Florida schools roundup: Anti-violence plan, superintendent’s job and more

florida-roundup-logoSchool violence: The Miami-Dade School District becomes the first in the country to implement the Sandy Hook Promise in all its schools. It’s a violence-protection program started by parents who lost children in the Newtown, Conn., elementary school massacre in 2012. It emphasizes social inclusion by reaching out to isolated students, and trains students and staff to see warning signs. Miami Herald.

Superintendent’s job: The chairwoman of the Duval County School Board member asks School Superintendent Nikolai Vitti to resign or face termination at a meeting Friday, according to Vitti. He says he won’t quit. Chairwoman Ashley Smith Juarez has accused Vitti of not being truthful with the board. She also has criticized the district’s performance on state exams, and says Vitti’s goals for improving those scores are not aggressive enough. Florida Times-Union.

CPR training: Orange County students are now being required to take CPR training before graduating. The training will be provided during a physical education course or another required course. Orlando Sentinel.

Impact fees: A Lake County commissioner urges the school board to waive part of the school impact fees on builders. Leslie Campione wants the board to reduce the fees on homes built within two miles of existing schools in established neighborhoods. Doing so could cost the school district about $1 million a year. Orlando Sentinel. Daily Commercial.

Anthem protocol: The Orange County School District now says students do not need permission from a parent to kneel during the national anthem. The district originally equated the anthem with the Pledge of Allegiance, saying a parent’s note was needed if a student chose to not stand. WFTV.

School rezoning: Hundreds of Boca Raton students could have to change schools next year if the Palm Beach County School Board approves rezoning for Calusa Elementary School. The rezoning would create a ripple effect at several other schools. Sun-Sentinel.

Turnaround plans: Polk County school officials have modified turnaround plans for Westwood and Lake Alfred-Addair middle schools, and will resubmit them to the state for approval. More highly effective teachers are being brought in, and a management company will closely watch data and track students performance. The state has twice rejected plans for the two struggling schools. Lakeland Ledger.

Choice closed: Twenty-six Pasco County schools are now closed to students who live outside their attendance boundaries. The district made the decision after the 20-day student count. Gradebook.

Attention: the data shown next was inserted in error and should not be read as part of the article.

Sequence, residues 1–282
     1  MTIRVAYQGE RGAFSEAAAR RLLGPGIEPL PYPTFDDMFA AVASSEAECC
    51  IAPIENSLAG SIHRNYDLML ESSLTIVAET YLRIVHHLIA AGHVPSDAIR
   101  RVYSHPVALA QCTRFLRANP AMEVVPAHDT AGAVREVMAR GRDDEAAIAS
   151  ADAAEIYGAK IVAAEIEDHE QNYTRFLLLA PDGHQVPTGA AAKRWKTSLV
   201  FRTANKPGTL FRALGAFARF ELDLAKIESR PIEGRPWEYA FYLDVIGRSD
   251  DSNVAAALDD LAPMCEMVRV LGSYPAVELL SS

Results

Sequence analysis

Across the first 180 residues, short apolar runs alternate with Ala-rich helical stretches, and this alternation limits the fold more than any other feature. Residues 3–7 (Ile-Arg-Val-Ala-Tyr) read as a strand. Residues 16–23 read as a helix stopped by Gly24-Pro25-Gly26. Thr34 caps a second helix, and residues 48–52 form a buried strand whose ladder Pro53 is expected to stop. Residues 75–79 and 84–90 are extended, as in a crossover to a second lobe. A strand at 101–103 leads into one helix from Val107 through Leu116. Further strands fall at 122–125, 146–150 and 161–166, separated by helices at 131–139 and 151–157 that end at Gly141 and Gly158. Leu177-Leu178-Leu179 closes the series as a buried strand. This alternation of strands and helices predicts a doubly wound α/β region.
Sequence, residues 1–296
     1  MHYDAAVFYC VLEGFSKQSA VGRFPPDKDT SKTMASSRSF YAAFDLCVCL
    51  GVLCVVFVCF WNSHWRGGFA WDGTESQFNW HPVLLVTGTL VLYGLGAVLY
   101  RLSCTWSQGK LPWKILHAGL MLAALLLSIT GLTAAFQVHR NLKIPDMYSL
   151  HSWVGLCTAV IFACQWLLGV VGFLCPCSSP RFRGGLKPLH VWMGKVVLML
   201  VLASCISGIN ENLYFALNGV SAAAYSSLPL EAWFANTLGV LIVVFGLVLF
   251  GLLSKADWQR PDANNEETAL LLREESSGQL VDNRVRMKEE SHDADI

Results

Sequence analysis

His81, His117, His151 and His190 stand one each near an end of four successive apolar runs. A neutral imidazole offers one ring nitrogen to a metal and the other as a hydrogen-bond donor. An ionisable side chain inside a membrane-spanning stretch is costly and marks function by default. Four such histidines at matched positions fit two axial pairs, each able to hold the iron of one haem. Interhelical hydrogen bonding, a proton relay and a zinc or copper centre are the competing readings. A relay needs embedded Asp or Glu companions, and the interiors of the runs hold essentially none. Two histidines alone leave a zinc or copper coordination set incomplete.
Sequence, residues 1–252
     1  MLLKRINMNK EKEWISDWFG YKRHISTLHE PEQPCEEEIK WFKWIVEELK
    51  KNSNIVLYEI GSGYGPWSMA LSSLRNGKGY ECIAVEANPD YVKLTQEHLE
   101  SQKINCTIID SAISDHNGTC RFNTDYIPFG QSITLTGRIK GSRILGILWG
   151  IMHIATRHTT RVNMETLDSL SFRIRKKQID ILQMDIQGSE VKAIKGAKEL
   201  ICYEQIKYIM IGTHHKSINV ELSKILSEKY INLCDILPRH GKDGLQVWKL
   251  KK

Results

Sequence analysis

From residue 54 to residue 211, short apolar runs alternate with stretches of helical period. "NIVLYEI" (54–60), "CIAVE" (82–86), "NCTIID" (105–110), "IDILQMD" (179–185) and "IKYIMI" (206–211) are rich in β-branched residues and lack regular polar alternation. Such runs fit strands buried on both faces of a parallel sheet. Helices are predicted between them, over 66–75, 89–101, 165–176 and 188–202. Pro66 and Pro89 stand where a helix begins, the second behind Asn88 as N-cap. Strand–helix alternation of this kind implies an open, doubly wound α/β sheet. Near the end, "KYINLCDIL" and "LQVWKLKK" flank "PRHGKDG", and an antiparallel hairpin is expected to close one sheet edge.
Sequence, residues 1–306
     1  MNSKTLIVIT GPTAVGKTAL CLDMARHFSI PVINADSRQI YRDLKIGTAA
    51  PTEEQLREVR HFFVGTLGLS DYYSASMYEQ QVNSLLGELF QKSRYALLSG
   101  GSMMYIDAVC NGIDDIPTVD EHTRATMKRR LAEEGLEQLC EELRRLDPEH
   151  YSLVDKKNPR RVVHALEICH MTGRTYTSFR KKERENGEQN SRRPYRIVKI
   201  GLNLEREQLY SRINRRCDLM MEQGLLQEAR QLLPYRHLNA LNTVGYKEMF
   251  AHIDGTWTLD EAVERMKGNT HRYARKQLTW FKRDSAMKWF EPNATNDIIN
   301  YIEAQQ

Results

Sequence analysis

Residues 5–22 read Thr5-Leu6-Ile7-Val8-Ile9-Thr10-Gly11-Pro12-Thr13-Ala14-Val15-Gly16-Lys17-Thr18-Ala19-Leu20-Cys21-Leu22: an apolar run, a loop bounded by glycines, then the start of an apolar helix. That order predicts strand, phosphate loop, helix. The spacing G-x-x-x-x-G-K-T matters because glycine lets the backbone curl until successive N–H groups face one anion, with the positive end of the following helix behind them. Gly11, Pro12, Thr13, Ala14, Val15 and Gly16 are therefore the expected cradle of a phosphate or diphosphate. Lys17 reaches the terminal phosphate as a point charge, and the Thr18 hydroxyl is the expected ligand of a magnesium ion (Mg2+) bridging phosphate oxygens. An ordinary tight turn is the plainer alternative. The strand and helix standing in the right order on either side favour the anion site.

Charter schools: The Polk County School Board votes today on a proposed charter school. A committee recommends denying approval for a K-8 school planned by Polk Charter Academy, citing a lack of transportation and community support. Lakeland Ledger.

Top-paid list: Miami-Dade School Superintendent Alberto Carvalho is No. 1 on the list of the 500 top-paid school district employees, at $345,000. Miami Herald.

Trump’s team: If Republican Donald Trump is elected president, former Florida Education Commissioner Gerard Robinson will be on the transition team for educational issues. Robinson was commissioner in 2011-2012, and left after a controversy over student writing proficiency rates. He is currently a resident fellow at the American Enterprise Institute. Education Week.

School elections: Campaign mailers are being sent out on behalf of Pinellas County School Board member Carol Cook without her knowledge. The political action committee responsible, Citizens First of Jupiter, is a charter school supporter. Cook says she has no affiliation with the group and has never heard of it. Gradebook.

Coach arrested: Kathleen High School’s softball coach is arrested and accused of stealing $700 that was donated to her team. Kaelin Mancuso, 28, has been suspended with pay from her job as a physical education teacher, softball and volleyball coach at the Lakeland school. Lakeland Ledger. WFLA.

School brawl: Several students are arrested after a fight at Rutherford High School in Panama City. Deputies say the fight was sparked by a social media post. Panama City News Herald.

Opinions on schools: Florida is losing teachers, one test at a time. John Romano, Tampa Bay Times. Teaching coding in schools is both highly valuable and highly important. But the idea that education leaders would bargain away the benefits of learning a foreign language for learning coding skills is misguided. Srini Mandyam, Sun-Sentinel. It’s up to all of us to ensure that all students have a continuous, high-quality arts education to help them become creative, engaged learners prepared to lead successful lives. Brian Hersh and Angela Hartvigsen, Sarasota Herald-Tribune. A major reason students from immigrant families perform highly in school is that their families on average come from countries whose people have more patience than Americans. Dave Denslow, Gainesville Sun.

Student enrichment: Florida students compiled the second-most reading minutes in the annual Scholastic Summer Reading Challenge. Texas was No. 1. Lake Nona Middle School in Orlando was the top Florida school, with more than 3.8 million minutes. Scholastic. Niceville High School junior Ally Woodard’s message of peace will be part of the Peace Day Global Broadcast streaming live from the United Nations today. Northwest Florida Daily News.

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BY NextSteps staff